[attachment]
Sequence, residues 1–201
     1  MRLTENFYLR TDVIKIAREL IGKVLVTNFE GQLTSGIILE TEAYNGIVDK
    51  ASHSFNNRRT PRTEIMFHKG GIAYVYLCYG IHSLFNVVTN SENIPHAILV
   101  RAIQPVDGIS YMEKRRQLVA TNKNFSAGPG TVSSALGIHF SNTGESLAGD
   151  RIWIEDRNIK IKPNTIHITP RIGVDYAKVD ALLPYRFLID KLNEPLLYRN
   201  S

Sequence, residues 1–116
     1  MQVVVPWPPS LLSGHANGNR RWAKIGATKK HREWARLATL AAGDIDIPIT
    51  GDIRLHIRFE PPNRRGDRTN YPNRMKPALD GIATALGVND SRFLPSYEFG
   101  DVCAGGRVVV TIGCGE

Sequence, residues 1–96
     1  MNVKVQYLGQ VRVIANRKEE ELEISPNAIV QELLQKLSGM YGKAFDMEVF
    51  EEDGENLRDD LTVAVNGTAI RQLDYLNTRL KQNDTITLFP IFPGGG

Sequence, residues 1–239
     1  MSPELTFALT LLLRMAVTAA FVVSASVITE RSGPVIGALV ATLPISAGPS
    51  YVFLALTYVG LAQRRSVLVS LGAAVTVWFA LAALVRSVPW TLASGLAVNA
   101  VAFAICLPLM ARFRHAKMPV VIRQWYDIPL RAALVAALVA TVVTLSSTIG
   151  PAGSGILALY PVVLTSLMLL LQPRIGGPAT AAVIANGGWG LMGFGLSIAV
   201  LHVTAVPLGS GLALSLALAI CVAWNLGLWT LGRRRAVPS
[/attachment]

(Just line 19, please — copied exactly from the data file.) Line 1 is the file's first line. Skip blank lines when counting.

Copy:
   201  LHVTAVPLGS GLALSLALAI CVAWNLGLWT LGRRRAVPS